This release is the fruit of the French pianist Nicolas Stavy’s efforts to uncover unknown works by Dmitri Shostakovich. Spanning some fifty years of the composer’s career, these rarities include early piano pieces influenced by Chopin and the fragment of an unfinished violin sonata, but is bookended by arrangements of symphonic music, by Shostakovich himself and by Mahler, a constant influence.
The disc opens with the most substantial work on the disc, Shostakovich’s arrangement of his late, great Fourteenth Symphony (1969) for soprano, bass, string orchestra and percussion. With texts by poets including Guillaume Apollinaire, Federico García Lorca and Rainer Maria Rilke, the work evokes death, reaching great emotional depths. Rather than ‘just’ making a piano transcription for rehearsal purposes, Shostakovich included a percussion part as well as one for celesta, in order to reproduce sounds that would be impossible to imitate on the piano alone.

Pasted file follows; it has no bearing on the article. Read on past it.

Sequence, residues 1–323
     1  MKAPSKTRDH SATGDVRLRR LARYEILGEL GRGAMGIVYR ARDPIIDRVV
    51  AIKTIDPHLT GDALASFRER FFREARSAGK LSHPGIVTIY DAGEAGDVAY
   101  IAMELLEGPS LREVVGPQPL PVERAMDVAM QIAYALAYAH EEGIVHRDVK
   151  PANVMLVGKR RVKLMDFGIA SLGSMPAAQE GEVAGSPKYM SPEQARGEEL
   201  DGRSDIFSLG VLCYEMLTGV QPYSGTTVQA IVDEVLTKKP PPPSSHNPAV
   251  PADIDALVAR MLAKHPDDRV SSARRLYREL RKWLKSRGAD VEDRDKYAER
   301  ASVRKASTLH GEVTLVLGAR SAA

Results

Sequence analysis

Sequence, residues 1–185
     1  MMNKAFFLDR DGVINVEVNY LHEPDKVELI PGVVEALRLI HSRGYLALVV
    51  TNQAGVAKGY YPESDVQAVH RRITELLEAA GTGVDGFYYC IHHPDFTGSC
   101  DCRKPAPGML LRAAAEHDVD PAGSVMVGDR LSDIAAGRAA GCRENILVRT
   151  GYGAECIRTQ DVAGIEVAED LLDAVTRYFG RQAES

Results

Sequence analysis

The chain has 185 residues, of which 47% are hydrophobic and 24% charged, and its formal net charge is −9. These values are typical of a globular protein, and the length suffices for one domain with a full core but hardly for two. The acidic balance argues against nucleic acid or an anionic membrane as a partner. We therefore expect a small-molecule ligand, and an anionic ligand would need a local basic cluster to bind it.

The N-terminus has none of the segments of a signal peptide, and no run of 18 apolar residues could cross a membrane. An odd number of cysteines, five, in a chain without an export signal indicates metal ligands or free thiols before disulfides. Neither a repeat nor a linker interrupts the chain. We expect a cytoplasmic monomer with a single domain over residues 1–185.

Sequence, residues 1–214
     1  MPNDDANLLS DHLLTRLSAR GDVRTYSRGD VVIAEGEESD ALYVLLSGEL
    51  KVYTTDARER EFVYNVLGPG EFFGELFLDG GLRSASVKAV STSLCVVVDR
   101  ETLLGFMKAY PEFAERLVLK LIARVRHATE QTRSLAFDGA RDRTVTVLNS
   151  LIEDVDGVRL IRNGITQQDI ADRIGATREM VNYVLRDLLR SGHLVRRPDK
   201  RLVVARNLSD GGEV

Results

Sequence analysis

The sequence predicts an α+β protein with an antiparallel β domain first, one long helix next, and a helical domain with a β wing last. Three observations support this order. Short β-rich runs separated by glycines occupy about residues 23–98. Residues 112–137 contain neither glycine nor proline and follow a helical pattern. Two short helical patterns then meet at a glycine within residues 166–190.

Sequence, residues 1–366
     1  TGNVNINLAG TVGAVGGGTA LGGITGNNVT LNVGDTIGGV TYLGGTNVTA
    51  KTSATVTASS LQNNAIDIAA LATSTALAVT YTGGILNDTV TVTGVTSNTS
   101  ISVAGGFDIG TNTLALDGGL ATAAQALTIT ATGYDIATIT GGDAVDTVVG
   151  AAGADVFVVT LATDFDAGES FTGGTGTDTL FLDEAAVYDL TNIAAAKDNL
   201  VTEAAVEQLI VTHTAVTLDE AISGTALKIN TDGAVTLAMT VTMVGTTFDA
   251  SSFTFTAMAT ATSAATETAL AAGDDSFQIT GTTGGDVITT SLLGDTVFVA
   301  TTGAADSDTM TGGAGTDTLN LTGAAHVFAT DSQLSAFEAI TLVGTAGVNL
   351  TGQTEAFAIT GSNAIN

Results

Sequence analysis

This is followed by the substantial fragment of a sonata for violin and piano dated 1945 and four short piano pieces composed around 1917-1919, which reveal a very young composer and demonstrate his surprising individuality and maturity. The final work on the disc is an arrangement of the opening 95 bars of Gustav Mahler's Tenth Symphony which Shostakovich probably made during the 1920s for personal study purposes and to demonstrate the work to his fellow members in one of Leningrad’s two Mahler Societies. In Shostakovich’s transcription for piano four hands, Stavy is joined by Cédric Tiberghien.
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